Well, no.  Not all of us.  It appears within some circles that you either subscribe to the jubilant cry that the Great Tribulation is behind us, or (and only “or”) you must ascribe to a view of the end of the world in some sort of hell-on-earth, three and a half year unprecedented universal horror of all horrors.  That you hope for such an end.  That you are looking for “signs of the end” in every newspaper headline about Hamas or Jihad or Russian military maneuvers on the border of the Crimean that cause your hair to stand on end.  Are these the only two alternatives?  Really?  Does history have anything to say?

Now, granted, Gary DeMar is a Postmillennialist.  Since the catastrophes of the Great Tribulation are behind him (whew!), we have an open view of the Future that only gleams with progress and unfettered prosperity; provided that we rid the world of Dispensationalists, or any view that smacks of negating the progress of culture building through the Gospel enterprise. The only issue there is noted in Harari’s work noted above.  Harari is not using the Bible as his guide.  God is irrelevant to technology.  Progress is great.  One day it may even reach to the heavens itself and make its home there.  As Harari exclaims, our problems “have been transformed from incomprehensible and uncontrollable forces of nature into manageable challenges.  We don’t need to pray to any god or saint to rescue us from them.  We know quite well what needs to be done in order to prevent famine, plague and war – and we usually succeed in doing it” (p.2, opus cited).  “Peace, Peace!”.  Harari is entirely indifferent to whether or not God will bring the great tribulation or whether He already did way back yonder.  The fact is, the dead have not been raised, and Jesus has not returned according to incurable optimists like DeMar – who still maintains that Jesus will return – and this means one thing: the world will, in fact, end.  Until it does, death is still with us, and all that it means.  Perhaps jumping on the bandwagon of Environmentalism may help pave the way for a better world of tomorrow until Jesus comes, like the book Care for Creation: A Franciscan Spirituality of the Earth advocates (Delio, Warner, and Wood, Franciscan Media, 2008). Such a view of the end with the dead arising is pessimistic for folks like Harari. Conquering death by means of God ‘doing’ some sort of miracle act slams the door shut for progress. It says that life in the here and now, although good, ain’t good enough for God until he radically alters it. If he has to do this, then something is wrong with the now. And he’s right.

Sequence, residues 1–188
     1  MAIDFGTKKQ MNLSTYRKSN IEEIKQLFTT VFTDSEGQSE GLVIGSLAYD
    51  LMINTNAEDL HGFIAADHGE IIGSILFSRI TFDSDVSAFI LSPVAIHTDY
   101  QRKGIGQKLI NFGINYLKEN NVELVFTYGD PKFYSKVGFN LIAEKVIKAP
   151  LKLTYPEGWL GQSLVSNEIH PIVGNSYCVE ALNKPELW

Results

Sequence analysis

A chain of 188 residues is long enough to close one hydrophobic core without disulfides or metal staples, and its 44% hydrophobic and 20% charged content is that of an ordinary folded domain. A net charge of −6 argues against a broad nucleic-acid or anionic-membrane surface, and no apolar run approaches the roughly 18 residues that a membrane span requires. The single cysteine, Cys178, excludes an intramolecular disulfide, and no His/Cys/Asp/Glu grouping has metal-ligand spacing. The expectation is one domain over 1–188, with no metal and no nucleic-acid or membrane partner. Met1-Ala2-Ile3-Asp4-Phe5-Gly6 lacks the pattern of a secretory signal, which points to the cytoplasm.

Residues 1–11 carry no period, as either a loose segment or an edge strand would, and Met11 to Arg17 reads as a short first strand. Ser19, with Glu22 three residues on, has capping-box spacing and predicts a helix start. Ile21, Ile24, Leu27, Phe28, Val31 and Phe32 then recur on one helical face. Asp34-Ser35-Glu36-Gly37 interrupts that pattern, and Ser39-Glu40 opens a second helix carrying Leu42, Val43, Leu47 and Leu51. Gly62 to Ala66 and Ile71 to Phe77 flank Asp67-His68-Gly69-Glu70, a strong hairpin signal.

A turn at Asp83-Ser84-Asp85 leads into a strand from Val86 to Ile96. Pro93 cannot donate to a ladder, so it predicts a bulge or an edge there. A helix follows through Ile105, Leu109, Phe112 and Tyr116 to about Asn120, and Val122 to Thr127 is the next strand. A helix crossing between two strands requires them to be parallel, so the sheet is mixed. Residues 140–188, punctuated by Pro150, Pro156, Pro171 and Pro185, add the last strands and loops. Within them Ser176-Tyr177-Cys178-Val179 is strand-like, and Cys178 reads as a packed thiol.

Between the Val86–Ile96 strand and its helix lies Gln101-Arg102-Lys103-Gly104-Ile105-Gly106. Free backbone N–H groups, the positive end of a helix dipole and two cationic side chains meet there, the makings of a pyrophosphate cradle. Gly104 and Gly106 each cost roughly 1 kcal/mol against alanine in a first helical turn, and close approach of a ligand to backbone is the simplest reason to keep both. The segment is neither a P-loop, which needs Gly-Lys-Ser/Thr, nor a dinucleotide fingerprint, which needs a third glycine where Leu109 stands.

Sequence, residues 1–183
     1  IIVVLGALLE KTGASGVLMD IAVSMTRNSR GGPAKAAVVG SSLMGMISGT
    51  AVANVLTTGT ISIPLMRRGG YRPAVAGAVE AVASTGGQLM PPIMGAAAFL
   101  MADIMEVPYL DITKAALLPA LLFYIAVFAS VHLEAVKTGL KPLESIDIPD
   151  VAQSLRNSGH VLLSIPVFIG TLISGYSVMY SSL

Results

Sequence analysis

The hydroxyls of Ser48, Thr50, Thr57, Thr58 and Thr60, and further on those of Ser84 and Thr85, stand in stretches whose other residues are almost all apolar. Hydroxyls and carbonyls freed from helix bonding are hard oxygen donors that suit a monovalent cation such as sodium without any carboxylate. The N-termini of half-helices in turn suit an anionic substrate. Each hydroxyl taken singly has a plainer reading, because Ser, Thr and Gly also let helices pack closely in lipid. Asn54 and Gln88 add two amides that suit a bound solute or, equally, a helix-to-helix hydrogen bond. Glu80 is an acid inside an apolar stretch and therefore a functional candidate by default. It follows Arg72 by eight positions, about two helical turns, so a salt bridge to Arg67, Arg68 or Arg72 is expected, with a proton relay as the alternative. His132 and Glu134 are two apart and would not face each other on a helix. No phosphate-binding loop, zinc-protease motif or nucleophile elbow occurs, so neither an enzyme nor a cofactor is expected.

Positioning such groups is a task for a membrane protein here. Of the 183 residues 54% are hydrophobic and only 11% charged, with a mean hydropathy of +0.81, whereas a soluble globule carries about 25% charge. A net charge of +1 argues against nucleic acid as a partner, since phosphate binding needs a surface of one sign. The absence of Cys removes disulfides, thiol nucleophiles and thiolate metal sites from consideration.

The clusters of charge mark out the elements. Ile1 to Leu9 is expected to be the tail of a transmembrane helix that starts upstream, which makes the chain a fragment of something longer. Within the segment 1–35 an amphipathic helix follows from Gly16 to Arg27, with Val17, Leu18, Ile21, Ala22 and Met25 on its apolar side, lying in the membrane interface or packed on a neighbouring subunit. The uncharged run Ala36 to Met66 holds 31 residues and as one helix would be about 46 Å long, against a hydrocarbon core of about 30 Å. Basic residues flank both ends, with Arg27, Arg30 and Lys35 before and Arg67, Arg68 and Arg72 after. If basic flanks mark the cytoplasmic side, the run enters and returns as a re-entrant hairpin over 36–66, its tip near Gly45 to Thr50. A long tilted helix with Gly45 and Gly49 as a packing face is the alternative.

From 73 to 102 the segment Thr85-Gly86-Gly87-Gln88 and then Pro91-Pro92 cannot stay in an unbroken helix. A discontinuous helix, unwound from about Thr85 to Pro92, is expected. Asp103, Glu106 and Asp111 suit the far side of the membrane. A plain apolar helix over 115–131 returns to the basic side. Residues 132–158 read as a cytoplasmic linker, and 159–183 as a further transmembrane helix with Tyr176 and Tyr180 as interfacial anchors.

Increasingly, however, these two alternatives of either Doom or Bliss are not the only ones.  Jesus does not predict a three and half year cataclysm.  There is no limited in duration span of a few years called, “the great tribulation” on his lips.  Rather, all that he really said was that, cumulatively, the time between “creation” and his own day (say, 32 CE) was ‘great tribulation’ when it all added up.  Coupled with this, ‘great tribulation’ would continue on until the last day in a greater accumulation when all is added up.  Those days – the days to follow after he ascended right on up to the end, which no one knows, will have great tribulation as well.  But, in a parable he gave, there would be an “admixture of good seed and bad seed” in the world.  Good seed means good fruit in the world, so not all will be catastrophically horrible.  Some of it will be quite good.  In fact, “people will be eating, drinking, marrying and given in marriage” right on up to the end.  This description does not seem to be indicating a world filled with incomprehensible violence on every street corner and square acre of the globe.  Peppered throughout history will be occasional wars and catastrophes of a grand and measurable magnitude; like the Black Plague, or World War 2.  Maybe several other shockers are to come, who knows?  Jesus did not give us “signs” to make “predictions”.  He gives us faith to endure the times and seasons of the future which the Father has set (Acts 1.7), and which only the Father knows.  And, he gave us a wonderful mind by which to microscopically see these things called, ‘germs’ that we can – and have – exercised dominion over.  There is another plague, however.  The plague of unbelief and God is irrelevant is a plague of the mind.  That one is growing.  Give the wicked good times and he will not credit God for it.  He will credit himself and build a tower to the heavens to make his own name great.  Fact of the matter is, we do know that the dead will be raised.  We do know that the last day will come.  The heavens and the earth shall pass away – make no mistake about it.  It will be transformed, and this on the scale of a universal magnitude that would involve the reconfiguration of what we now see and in which we now live.  Does this mean that just before that happens, the world will be emblazoned in a violent, Antichrist, Islamic world war of terror that sends a militant government to round up all the Christians into concentration camps?  Nope.  You might be walking in a park with your kids enjoying an ice cream cone on a sunny day.  A true biblical view is not so naïve to think that our history is filled with warm fuzzies; or that the world as it now is is a wonderful, homey place to live.  It’s not.  Human trafficking, drugs, sexual diseases, abortion, rampant and disgusting “free” pornography, drug cartels, lone dictators with nuclear dreams, ISIS, Jihad – the list appears endless, still abound.  However, equally so, the Gospel explosion in China and Africa and among Muslim countries, the strides in medicine, the curtailing of contaminated water supplies, life expectancy, quality of life improvements for a greater majority than 100 years ago are all positives.  Does the Bible predict an end to sin before the arrival of Messiah?  Nope.  Does it predict a world in which the “good seed” have been planted to be a place of sheer hell before he returns?  Nope.  Does it predict an eventual end of the world?  Yup.